Hope tar S it 4* •% m m PORTS • ^§W' B^k • ^tW • • I~A_ • *.«* iai^lkA rignf • fcait mgni Loyola Is Going After the Cougars Leads in Miami Play By BEN FUNK \ssociated Press Sports Writer MIAMI (AP) - For two happy weeks, George Knudson rode smoothly along golf's glory road. Then came the detour, The lanky, red-haired Canadian had won two straight tournaments. He had a chance in the $ 100,000 Dor al Open to tn ake it three in a row—a feat last accomplished In 1960 when Arnold Palmer racked up the Texas, Baton Rouge and Pensacola opens in succession, But In Thursday's opening round, Knudson veered onto a sideroad rough with bogeys. "It was a terrible effort," he said after posting a 76 and winding up 11 distant strokes behind the leader, Gardner Dickinson. Knudson had come here bubbling with confidence after his victories' at Phoenix and Tucson made him the year's top money winner. In less than throe months, he had earned $50,310, more than he had ever banked before in an entire year. He didn't realize it then, but the paessure was beginning to get to him. Shortly after starting his round Thursday he said he realized that "1 was getting pretty tied up—all on edge." Suddenly, the ball wasn't going where he aimed it. "It was awful from the first shot to the last," he said."Iwas never with it all day long." There were no birdies along (he road, only bogeys. He collected five of them. Two came on the eighth and 10th holes when shots pulled out of line by the tension dropped into Doral's notorious water hazards and he took one-stroke penalties. But when the shock wore off, Knudson decided that, "It's a relief actually." "I knew I couldn't keep Jt up," he said. "I've broken/a string and now I'll just have to try to start a new one." Dickinson, with no problem of pressure, fired a record-tying, seven-under-par 65 and went into Friday's second round with a two-stroke margin over Lionel Hebert and Howie Johnson. HIT Pairings Are Almost Associated Press Spans writer By~fHE ASSOCIATED PRESS underdog Chicago Loyola Ram* COPENHAGEN, Denmark - biers will score the bluest up* Tom Bogs, 165, Denmark, out* set of the eoilejfe basketball sea» pointed Bob Huntley, 161%, Los son by beating the top«ranked Angeles, 10. Houston Cougars in the first PORTLAND. Maine - Renal* round of the NCAA champion* do Victoria, 139, Plttsfleld, ship tournament Saturday night. Mass., outpointed Roosevelt The Ramblers, 16«8 for the •- • •- season, go against the-unbeaten 28*0 Cougars, led by the Big E, AIUAmerican Elvin Hayes, at Salt Lake City. "Our players are all hopped up and we've sold them on-the idea of beating Houston," said George Ireland, the Loyola coach who is no stranger to _„ _ _____ NCAA tournament competition. I if Tt F ROCK (AP) - Pine Hls Ramblers took the title in BluTSK^tlB to* ™»^'™'!ffi"*' Central twice during the regular *«" the underdogs then, too, ^uon^pulW the biggest upset M ^^£tfSBS* full court press and the fast break at every opportunity may Ware, 141, New York, 10, Crossett Eliminates Harrison give Houston trouble." of the Class AAA State Tournament by ousting the Tigers 5548 Thursday night. Fort Smith Northside, the --•,:""-.".-- :',',T''''- ttt „,„.,-..., state's top-ranked team, downed n "We kept .telling ,our players Little Rock Horace Mann 64-49 f" week to lookiit thepapt.rs so and cross-town rival Southside they could read they have no ousted Texarkana 72-53 in other chance against Houston, Ire* Class AAA quarterfinal games, and ^ded. He said Houston Stuttgart defeated Conway 45- "flares to overpower us on the 40, Marianna ousted Searcy 71- boards, but I think our speed 56 and Crossett eliminated de- a °d quickness can surprise fending champion Harrison 54- them. 48 in the Class AA action. t Another unbeaten team, Northside goes against Jones- third-ranked St. JBonaventure, boro at 3 p.m. today in one of risks its 22W) record against Bos- the AAA semifinals and South- ton Col ep at Kingston, R.L In side meets Pine Bluff at 7 p.m. one of the other six first-round in the other. Leachville plays games Saturday In the NCAA. Crosselt at 1:30 and Marianna Columbia battles LaSalle and meets Stuttgart at 8 p.m. in the Davidson meets St. John s of AA semifinal games. New York in an afternoon dou- Central led 24-22 at the half bleheader at College Park, Md., but the game was tied 38-38 en- Florida State takes on East tering the final period. The Ze- Tennessee and Marquette faces bras went ahead for good 43-41 Bowling Green at Kent, Ohio, on a field goal by Eddie Vin- Rounding out the first round Is son John Searles, who did an New Mexico State against Web- outstanding job on the back- er State in the other half of the boards, led the Zebras with 17 twin-bill at Salt Lake City. Complete By MIKE RECHT Associated Press Sports Writer NEW YORK (AP) - Fourteen of the 16 teams in the National Invitation Basketball Tournament have received word on their first round opponents. Only the Oklahoma City Chiefs remain in the dark today, know- Ing only that they will have perhaps the toughest time reaching the second round. The pairings, released Thursday for the 31st annual tourney at Madison Square Garden, pits Oklahoma City against the runner-up of the Atlantic Coast Conference tournament, which ends Saturday. Fifth-ranked North Carolina and sixth-ranked Duke are expected to battle for the title and the automatic bid to the NCAA tourney, The second place team goes to the NIT, which does not give the Chiefs much to choose from, Either North Carolina or Duke will be an NIT favorite with the ACC team already seeded first. The Chiefs, 20*6, face the ACC runner»up in the second half of L/UU I Uo. AuU HIC *-»uu*«o n »MI * * - -•• -*•-" — - — - — ^» _,. points. Chris Davis had 16 for North Carolina and Duke, < u Central. flft h and sixth ranked in the As- Northside dominated the ac- sociated Press poll, won their tion after the first six minutes first-round games in the Allan- held a 31-18 advantage at the tic Coast Conference champion- half. Jerry Jennings led the ship at Charlotte . Thursday Grizzlies with 17. Michael Pet- night, erson scored 20 for Mann. North Carolina, paced by 31 Southside built up a 42-17 points from All-Amerlcan Larry halftime lead ; and had little Miller, whipped Wake. Forest- trouble'disposing of the Razor- 83-70. Duke overcame Clemson's backs. Texarkana's Stanley Col- slowdown tactics to beat the Ti- lins led all scorers with 21. gers 43-40 on six free throws in Robert Stephens had 16 for the closing minutes. Southside. In the semifinals tonight, Stuttgart's Ted Thompson Duke Is pitted against North stole the ball and drove the Carolina State and North Caroll- length of the court for a basket na takes on South Carolina. N.C. that put the Ricebirds on top 42- state advanced by beating 40 with 42 seconds left. Walt Maryland 63-54 and South Caro- Henderson scored 18 for Stutt- ii na whipped Virginia 101-78. gart. Dennis Fulmor had 17 for The winner of the ACC final the Wampus Cats. Stuttgart Saturday night automatically trailed by six at the half. x lands a berth In the NCAA with Crossett led Harrison by as the runner-up going to the Na- much as 14 points but the Gob- tlonal motion Tourney in llns closed to within 51-48 in the New Yorkt g^ Caro ij na j s In- final 34 seconds. Crossett sewed ell ^ ble for posts eason play, up the victory with three free * so if the Gamecocks throws Larry Crook had 2 ; NCAA tf" 5 , ?LH ,-SnwHhU at >d NIT berths will go to the Morris led Harrison with 14. niionrt teams Marianna led by 17 points at ne £P la Sg, te Sh ooens next the half and Searcy did not ™ ^ *$ 'L^Ts' threaten. Joe, Wood had 19 for • Thursda ' Tne , Marianna. Bill Gentry scored * rtnnhiahaflder n i ts Mar- Arkansas Basketball Scores By THE ASSOtfAfED PRESS State High School tournament At Little Rock Class AAA Fort Smith Northside 64, LR Horace Mann 49 Foft Smith Southside 12, fex< arkana S3 Pine Bluff 55, LR Central 48 Class A A Crossett §4, Harrison 48 Marianna 71, Searcy SS Stuttgart 45, Conway 40 pro Basketball By tHE ASSOCtAfED PRESS NBA Thursday's Results Chicago 118, Boston 112 Los Ang'es 119, San Diego 102 Phlia'phia 125, Cincinnati 1H St, Louis 150, Seattle 133 Today's Games Detroit at Cincinnati Boston at Philadelphia San Diego at Los Angeles Baltimore vs. Seattle atOlym- pia, Wash. Saturday's Games Se, Louis at Chicago Seattle at San Diego Los Angeles at San Francisco ABA Thursday's Results Houston 115, Indiana 104 Minnesota 124, Anaheim 115 Pittsburgh 119, Oakland 114 Today's Games Minnesota at Oakland Houston at Dallas Kentucky at New Jersey Pittsburgh at New Orleans Saturday's Games New Jersey at Indiana Denver at Kentucky Pittsburgh at Dallas Thursday's College Basketball By THE ASSOCIATED PRESS Fordham 72, Manhattan 66 St. Louis 77, Memphis St. 65 NYU 56, Rutgers 49 Missouri 91, Nebraska 70 Oklahoma 84, Colorado 78 Tournaments Atlantic Coast Conference First Round No. Caro. St. 63, Maryland 54 No. Carolina 83, Wake Forest Sikes, Barber Keeping Pace Actually, the tournamenL built around the Ace team, Dayton, PracUey and Kansas, Kansas, 18«7. of the Big Eight swings iotP action Friday night against Temple, 19*8, before YU- laijoya, i8»8 t W4 Wyoming, 18*8, the Western Athletic Conference runner«up. square p$, Bradley. 19*8, which finished second in the Missouri Valley Conference, drew Long island U., gjfl, the nation's top»r«*ed small college team, ta tne sect ond half of a doujbjehj&der Saturday ifternpQn, Army, ?0*4, and Notre p.anie t I8?.8 4v jneet in the openers A Satiirdjy oig« ._. _ er completes the first With ForiJhSB). 17*7, against . . 0 night doubleheader pits Mar\i for Searcy. shflU agalnst ^ Peter . s and Oklahoma City against the ACC representative, Fordham, which faces Duquesne In the NIT on March 16, MI A ur Pin AP^ IL H fln ^hed its regular season by J nf' Jrin'pttau? Ark and ***tof Manhattan 72-66 in the 2S aXhir^o 'TexwkZ first *"«« * a Madison Square Miller Barber 01 lexarsana, * Hnuhifiheadar NYU & rjs&rSM jBr 5 * 55 * 1 ^ •vSSIS: n'teaasss Sikes shot 35-35 foi a 70 Bar- -^ ^ ^ u |s vancllUsne( , STrT MSM; s$r "? 77 - 65 Jn othw round lead with a 65, ma J° r ** mes __„—__„- Hockey West Virginia, 19-8, meeting National Hockey League Dayton, 17.9, West Virginia fin- By THE ASSOCIATED PRESS l "*"" < •* '" the Southern Thursday's Results Boston 3, Philadelphia 1 Pittsburgh 3, Minnesota 2, tie Los Angeles 9, Oakland 2 Today's Games No gamfs scheduled ,. , . Saturday's Games 23, A game for Chicago at Montreal Detroit at Toronto . , New York at Minnesota 1 CBS, LOS Anseies at Pittsburgh SOLUNAR TABLES By Bichird Aidtn Knight IV schedule of Solunar Ppriods. as printed bflow, ha« been t<*ken from Richard ^I4en Knight's SOLUNAR T4BLgS Plgn your days so that you jyjlj p e fishing in good territory or hunting in good cover during these times, if you wish to find ihi ; best sport that each day has to offer. The Major Periods are shown in bpldfacg type. These begin ni the times shown and last for an hour anji 9 half or ttfo hoyrs thereafter The Minor Periods, shown in regular type, are of somewhat shorter duration. T quarter . finals wiu be MARCH 8 Friday 9 Saturd,ay JO Sunday IIMMM'MJ— These major league managers aren't contemplating the effects of spr rig fever but rather the progress of spring training. At left, from ^pp to bottom, the Phillies? Gene Mauch, Ralph Iloiik of the Yankees and the Cardinals Red Schoendlenst ponder their problems alone while, at right, Mcts manager Gil Hodges (14) talks with coach Yogi Berra, who rubs his legs after doing calisthenics. Bad Blood Finally Stills Out So. Caro. 101, Virginia 78 Rockets Tie Another ^ HBA Record By THE'ASSOCIATED PRESS 0 Henry Finkel topped his entire 1966-67 season output, but he couldn't keep the San Diego Rockets from tying another National Basketball Association record for futility. Finkel scored 41 points Thursday night, one more than he scored in 27 games as a rookie with the Los Angeles Lakers last season, as the Rockets lost to the Lakers 119-102. For the Rockets, who have won just 15 times in 76 games, the loss was their 29th at home, tying an NBA record set by the 1964-65 San Francisco Warriors, Earlier this season, the Rockets lost 17 straight, which tied a league mark held by those same Warriors. In other NBA games Thursday, Philadelphia topped Cincinnati 125-117, Chicago upset Boston 118-112 and St. Louisoutlast- ed Seattle 150-133. Pittsburgh nipped Oakland 119-114, Houston downed Indiana 115-104 and Minnesota took Ana- helm 124-115 in the American Basketball Association. Finkel scored 29 of his team's 46 first-half points en route to a single-game record for the first-year-old club, The previous best San Diego scoring perform* ance was 37 points by Don Ko- Jls. Hawkins Out After That Staring Title It's going to be difficult todiS' lodge Connie Hawkins from the No. l spot in the individual scor' ing race in the American Bas* ketball Association, He strengthened his hold on the top rung by tossing in 39 points Thursday night to lead the Pittsburgh Pipers to a 1}9114 road victory over the Oak? land Oaks. it was the l?th straight victory over the Oaljs, but the Oaks were in contention until the last two minutes before losing their seventh in a row, The Oaks pulled within 112-1J1 before two free throws each by Hawkins and Chico Vaughn pijt the Pipers out of danger. The Minnesota Mwskies also scored on the road over Ana- hejm 124-115 and the Houston Mavericks \von at home over the Indiana Pacers 115-104 in the other ABA games sched- By THE ASSOCIATED PRESS There's been bad blood between Eddie Shack and Larry Zeldel for 10 years and Thursday night some of it spilled. Shack, the burly Boston forward, and Zeidel, a Philadelphia defenseman who has brawled his way through 17 seasons of professional hockey, cut ;each other about the head in an 'agonizing stick-swinging duel that .'cost'.each •'player a match penalty, automatic ^lOg-fln^.and possible suspension^"*"'^j? The National Hockey League 'game>was played on neutral Toronto Ice— Philadelphia's Spectrum is closed because of wind damage—and Boston eked out a 2-1 victory to climb within one point of idle New York in the race for second place in the East Division. Los Angeles and Minnesota moved Into a second^lace tie in the West, two points behind Philadelphia. The Kings walloped Oakland, 9-2, while the North Stars battled to a 2-2, deadlock with Pittsburgh. The Shack-Zeidel feud dates back to an October 1958 exhibition game at Niagara Falls, N.Y., when Shack was a rookie with New York and Zeldel was playing for Hershey of the 1 American League. They went at each other with fists then, first on the ice and eventually in the stands. Both were arrested, with Zeidel later fined $200 on a charge of assaulting a police officer. Zeidel wasn't content to fence with Shack Thursday after the pair collided on the ice. He almost ripped off the doors In the first-aid room in an effort to get at the Boston player. The Bruins suffered another In a string of injuries when rookie ace Derek Sanderson was struck in the left eye by a teammate's slap shot and needed 12 stitches to close a cut, The eye swelled shut, Goals by Ken Hodge and Gary Poak and the tight defense of goalie Gerry Cheevers carried Boston to victory. Pat Hannigan tallied for the slumping Flyers with. 6 l / 2 minutes left, The rescheduled game drew a • of 10,452, the first non» sellout at Maple Leaf Gardens since 1946, At Los Angeles, the Kings ex« ploded for foar goals in the first period and blasted Oakland, with I? players getting into the seoring column, MscDonaJd was the player to score more than goal-*- he had two. plus an ,-but Bill White collected assists, Gord Labossiere hacj three and Howie Menard scored a goal and two assists, A| Minnesota, (he North Stars needed a goal by Sandy Fitzpat* ricfe with 7:§0 to play to dead? iocfc Pittsburgh, Fitepatrlek,, Playing in his eighth game since being recalled from the Central also scored the first 11:20 §:55 2:35 f:SW — f:» 3:^ !=P 1:15 7:$ 4:10 I-W. Don Freenun's basket put the Muskies ahead for good at 110109 against Anaheim. M?l Daniels led the wipers with. g-J points Minnesota jjpaii He now has three for the season, Piui Andrea and Wayne Hicfes tallied for the Penguins^ who ire th re e points behifld St. Bas«ball Exhibition Baseball By THE ASSOCIATED PRESS Thursday's Result New York, AL, 1, Wash'n. 0 Friday's Ganu j s Cincinnati vs. Philadelphia at Clearwater, Fla. Houston vs. Pittsburgh at Fort Myers, Fla. Chicago, NL, vs. San Francisco at Scottsdale, Ariz. Boston vs. Chicago, AL, at Sarasota, Fla. Oakland Vs. Detroit at Bradenton, Fla, Robinson Signs for $/J5,000 By HERSCHEL NISSENSON Associated Press Sports Writer Baltimore's Frank Robinson and/Philadelphia's Johnny Callison finally set pen to paper Thursday but the New York Yankees still are having trouble putting bat to ball. While Robinson was signing for about $115,000 with the Orioles and Callison was wrangling more than $40,000 from the Phillies, the best the weak-hitting Yankees could manage off a trio of Washington hurlers was three hits in squeezing out a 1-0 victory over the Senators in the first Grapefruit League exhibition. "I didn't get exactly what I wanted, but I'm satisfied or else I would not have signed," said the 32-year-old Robinson, who won the Triple Crown while leading the Orioles to the 1966 world championship. Robinson missed a month of the 1967 season with double vision after a baseline collision but still batted .311, second best In the American League. The slugging outfielder missed sev» en full days of practice but suit' ed up soon after a signing and worked out. Harry Dalton, Baltimore per» sonnei director, said Robinson's contract makes him "one of the highest paid players in baseball history, probably the highest in the American League today," Like Robinson, who had asked $125,000, Caliison also had to compromise a bit, "! didn't get what i wanted," Cailison echoed, "but then, I didn't sign for what they wanted me to, either," The right fielder, who slumped to a .261 batting avei> age, 14 homers and 64 runs bat. ted in last season, said he was in good shape-T M the best shape I've ever been in"^and hoped to be in the exhibition lineup in about a week. Caiiison said he was completely recovered from i torn knee cartilage and needed a week of batting practice to get his timing down. The Yankees, meanwhile, looked much like last season's •3F*T«!r«S5!«*r*!3F3T Louis in the battle for the fourth and last playoff berth in the West, Paul Andrea and Wayne Hicks tallied for the Penguins, who are three points behind St. Louis in the battle for the fourth and las; playoff berth in the. West* Speakers far State Grid Clinic LITTLE ROCK (AP) - Joe Dlllard, president of the Arkansas High School Coaches Association, announced Thursday that Tex Winter, head basketball coach at Kansas State University and Jim "Red" Parker, head football coach at The Citadel, would be among the speakers at the annual coaches clinic at Little Rock Aug. 7-9. Winter's teams have captured seven Big Eight Conference championships during the\pas,t, 14 "years' and "have had only one losing season. Parker, former coach at Fordyce and Arkansas AtM, is rebuilding at The Citadel. His team went 4-6 in 1966 and 5-5 In 1967. The 5-5 mark is the institution's best since 1961. Dlllard also announced that Bill McClure, track coach at Abilene Christian College, would speak at the clinic along with W. T. Watson, basketball coach at Southern State and John Prock, football coach at Harding. ninth-place good pitch-no hit club. The run came in the eighth inning on a delayed steal of home by outfielder Andy Kosco, drafted from the Minnesota Twins. Kosco reached third on a single, infield out and wild pitch. When Ruben Amaro, who had walked, broke for second base, Washington catcher Bill Bryan tried to nail him and Kosco, not noted for his speed, beat the return throw home. Right-handers Mel Stottlemyre, Bill Monbouquette and Jim Bouton scattered five Senator hits. Red Threat of Boycott .. Ignored MOSCOW (AP) « f Wl ftu> sians are threatening to pull out, along vritfi sdme 40 other! nations, but Awry Brjwdagfe , and host Mexico toatend th«re > Is no enifige in plans for the Olympic C4tw6s, :; "Everything is still as is,, Brundfige, the president of the ., International Olympifi Commit* lee said, in Chicago thursday after the Russians had delivered a sharply worded demand that>< South Africa be omitted from" the Games, - f And in Mexico City, site of the , October Games, lodging control officer Ramon Alatorre said none of the nations that have' announced their boycotts have? yet canceled their room reser«£ vations, f. The Russian demand, present* ed in the form of a resolution by: the Soviet Olympic Committee/i said: " f "If the International Olympic* Committee refuses to convene* an emergency session and in* slsts on its decision about South" Africa, the USSR Olympic Com-i mittee will be impelled to re-; consider the question of partic- Iptatlon of Soviet sportsmen in the Summer Olympics in 1968.", Forty nations—Including 32 from Africa-have announced their intention to boycott the 1968 Games because of readmission of South Africa, barred; since 1963 because of its apart-' held policy. \ • ' The boycotting nations complain that South Africa has not; completely rescinded its policy. The Russian action was ex-' pected. The Soviet Sports Fed-, eratlon had taken a similar' stand earlier In the week. The, Russian news agency, Tass, said the latest move came after .a long meeting of Federation and USSR Olympic officials. The news agency said the officials agreed that the entire" Olympic movement is in jeop-,, ardy. Punt Title Claimed by Lowly Falcons NEW YORK (AP) - What do the? Atlanta Falcons, whose 112-1 record was the worst in professional football last season; do better than the world champion Green Bay Packers? Punti that's what. , The Falcons' Billy Lothridge won the 1967 National Football League punting crown with 87 boots for an average distance of 43.7 yards, according to figures released today. ' The Packers, on the other hand, were 15th among the 16 NFL teams with an average of 36.5 yards on 66 punts. Donny Anderson kicked 65 for a 36.6 average, next-to-last among the league's punters. Don Chandler booted the other for 31 yards. The only team worse than the Packers in punting was the New York Giants with 55 attempts for an average of 36 yards. ~ Trailing Lothridge were Bobby Joe Green of the Chicago Bears with 79 punts and Tom McNeill of the New Orleans Saints with 74. We Set Up New Bookkeeping Systems: BLOCK BOOKKEEPING SERVICE H&R BLOCK LOCATION OPIN TONIGHT If on g on to Vour Monet;,' LET BLOCK ± FIGURE " YOUR INCOME TAX Many time* we can save the (average lajpgyer more than the »aiall cojl t>f svi *er»i?e. firing y^yr tp* prpblemt IQ yj. Yov'll >aye lime, worry and often money! Don't delay. See IOTH FIOUAl AW fTATI LIFE Wi |V9'«a'f I Wy'9'f P' *l *9k» go* i'fori tbo* 5 wi wil.1 pay ttt Piool'y or Am*ri?i'i §«m$t with ©vtr 10? 9*»1* Urn ftf*tt Behind Cox Drug Store Phone PR7-5416 Office Hours: Qffifff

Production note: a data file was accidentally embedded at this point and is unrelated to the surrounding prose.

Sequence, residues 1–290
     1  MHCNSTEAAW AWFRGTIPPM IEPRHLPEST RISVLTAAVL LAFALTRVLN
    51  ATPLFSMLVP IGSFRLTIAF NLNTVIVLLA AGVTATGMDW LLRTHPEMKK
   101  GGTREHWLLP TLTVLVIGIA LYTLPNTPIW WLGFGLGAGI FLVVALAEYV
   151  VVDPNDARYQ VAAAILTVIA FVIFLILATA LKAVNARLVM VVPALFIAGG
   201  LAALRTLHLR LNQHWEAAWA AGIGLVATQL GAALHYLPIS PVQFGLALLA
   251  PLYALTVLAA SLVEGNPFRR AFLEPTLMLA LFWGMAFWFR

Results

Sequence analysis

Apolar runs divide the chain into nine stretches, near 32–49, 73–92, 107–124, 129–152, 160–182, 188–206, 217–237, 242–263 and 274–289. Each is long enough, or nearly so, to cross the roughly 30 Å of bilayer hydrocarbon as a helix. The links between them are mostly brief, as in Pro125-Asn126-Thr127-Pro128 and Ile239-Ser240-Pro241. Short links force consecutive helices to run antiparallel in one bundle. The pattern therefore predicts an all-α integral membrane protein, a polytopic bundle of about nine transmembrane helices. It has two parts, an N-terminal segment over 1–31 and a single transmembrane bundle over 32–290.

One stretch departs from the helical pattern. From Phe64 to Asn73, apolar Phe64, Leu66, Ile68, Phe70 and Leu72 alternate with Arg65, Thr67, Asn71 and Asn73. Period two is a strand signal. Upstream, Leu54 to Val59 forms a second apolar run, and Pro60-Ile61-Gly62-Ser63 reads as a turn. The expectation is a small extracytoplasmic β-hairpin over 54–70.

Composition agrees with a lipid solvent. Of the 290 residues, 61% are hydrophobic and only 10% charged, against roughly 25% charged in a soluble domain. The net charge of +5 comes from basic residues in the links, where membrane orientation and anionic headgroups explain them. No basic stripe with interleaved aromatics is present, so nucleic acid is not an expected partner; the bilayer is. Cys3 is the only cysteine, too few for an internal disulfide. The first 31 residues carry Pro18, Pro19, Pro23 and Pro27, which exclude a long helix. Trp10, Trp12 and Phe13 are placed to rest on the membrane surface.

Get full access with a Free Trial

Start Free Trial

What members have found on this page